It swept across the Caribbean and reached as far afield as North America and Europe. This was the first Haitian musical revolution. The next was cadence rampa. Webert Sicot watched with interest as compas direct became a musical phenomenon. In his spare time, Webert was working on a new musical genre, cadence rampa. There are similarities with however, compas direct. It has a similar delicacy and fluidity. Soon, cadence rampa was growing in popularity. Rivalries between bands grew heated. Soon, bands sprung up throughout Haiti. Two bands stood out from the rest though and feature on disc two of Haiti Direct. They provide two of the highlights of disc two of Haiti Direct.

Backed by thousands of supporters, they vied with each other to become the most popular cadence rampa band. Ultimately, the man who invented the genre lost out. By the mid-sixties, the days of the big bands were gone. Previously, bands numbered up to thirty musicians. Younger musicians, based around areas of Port-du-Prince began to form smaller bands. They played at house local house parties and were known as the hippie groups. This was because they wore platform shoes, bell-bottom trousers and shirts with large collars. The music mini-jazz groups played, was very different from much of the music being released in America.

Mini-jazz groups used less instruments than the cadence rampa and compas direct groups. Its roots can be found in compas direct though. The mini-jazz sound is based around a major instrument. Two tracks that demonstrate this perfectly can be found on disc one of Haiti Direct. Then on the irresistible jazz-tinged and funky An Septieme a track from Les Dificiles De Petion-Ville the lead and rhythm guitars drives the arrangement along. These two tracks are two reasons why mini-jazz quickly, became the most popular musical genres in Haiti. Just like cadence rampa, mini-jazz groups established a large, loyal following.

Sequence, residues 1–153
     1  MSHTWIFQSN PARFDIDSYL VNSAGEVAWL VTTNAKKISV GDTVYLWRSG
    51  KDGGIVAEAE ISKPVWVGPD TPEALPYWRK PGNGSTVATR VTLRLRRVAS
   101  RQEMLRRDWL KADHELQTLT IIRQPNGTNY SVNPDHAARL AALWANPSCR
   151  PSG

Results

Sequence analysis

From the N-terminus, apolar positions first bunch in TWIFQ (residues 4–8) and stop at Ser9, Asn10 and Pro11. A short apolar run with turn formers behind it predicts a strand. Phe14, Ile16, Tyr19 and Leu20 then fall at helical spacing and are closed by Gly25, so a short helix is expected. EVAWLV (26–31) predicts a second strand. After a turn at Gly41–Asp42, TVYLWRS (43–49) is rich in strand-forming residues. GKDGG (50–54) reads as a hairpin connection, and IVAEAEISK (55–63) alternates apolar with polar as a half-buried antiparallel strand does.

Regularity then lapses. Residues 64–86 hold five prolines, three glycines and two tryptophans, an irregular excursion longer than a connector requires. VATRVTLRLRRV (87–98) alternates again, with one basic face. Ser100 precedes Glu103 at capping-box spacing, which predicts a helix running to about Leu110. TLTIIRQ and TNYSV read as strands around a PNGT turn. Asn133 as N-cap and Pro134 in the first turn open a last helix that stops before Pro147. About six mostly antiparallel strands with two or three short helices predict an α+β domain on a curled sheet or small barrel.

By the early to mid seventies, groups toured throughout Haiti and enjoyed residencies in local clubs and theatres. They contribute two of the highlights of Haiti Direct. Both are horn driven tracks. The latter is a truly irresistible fusion of influences. Latin and Western music seamlessly unite. Although both groups were successful, without doubt one of the most successful mini-jazz artists was Tabou Combo, who contributes Ce Pas to Haiti Direct. They enjoyed success throughout Europe, North and South America. Mini-jazz was popular right through untilwhen music changed again.

InHaitian music evolved again. The mini-jazz lineup expanded. Horn sections were added to the mini-jazz bands. Many Haitian musicians had left the island. Some had settled in New York, Miami and Montreal. Others gravitated to the French islands of Guadeloupe and Martinique. Those that found work in the French islands were influenced by the local musicians. This included the Guadeloupe based group Exile One, who fused cadence and calypso, which was known as cadence-lypso. For the Haitian musicians, this was inspired.

So they exported this back to Haiti, where adence-lypso provided the soundtrack to Haitian life. Soon, Haitian bands were adding horn sections and later, synths to their lineups. Disc one of Haiti Direct features thirteen tracks. This includes tracks from giants of Haitian music. These tracks were released between and This last album the group recorded in Haiti. After this, they settled in Guadeloupe and later, France, where they recorded another sixteen albums. The group were founded in and enjoyed several hit singles. Spacey, lysergic, experimental and innovative, biguine rhythms are combined with jazz, funk and Haitian music. The result is mesmeric, genre-melting fusion of musical influences.

This was the only album Ti released. ByTi was thirty-nine and had a reputation as one of the top twoubadou singers. He delivers a heartfelt and emotive vocal. Full of emotion he reminisces about the return of Haitians returning home from working abroad. One of the biggest bands in Haitian music was Tabou Combo. Ca Pas finds Tabou Combo at their very best. A track from their mini-jazz album Haiti, this accordion driven track has a wonderful wistful, melancholy sound. Tabou Combo would enjoy an unprecedented longevity, lasting forty years. Their music continued to evolve, incorporating funk and disco.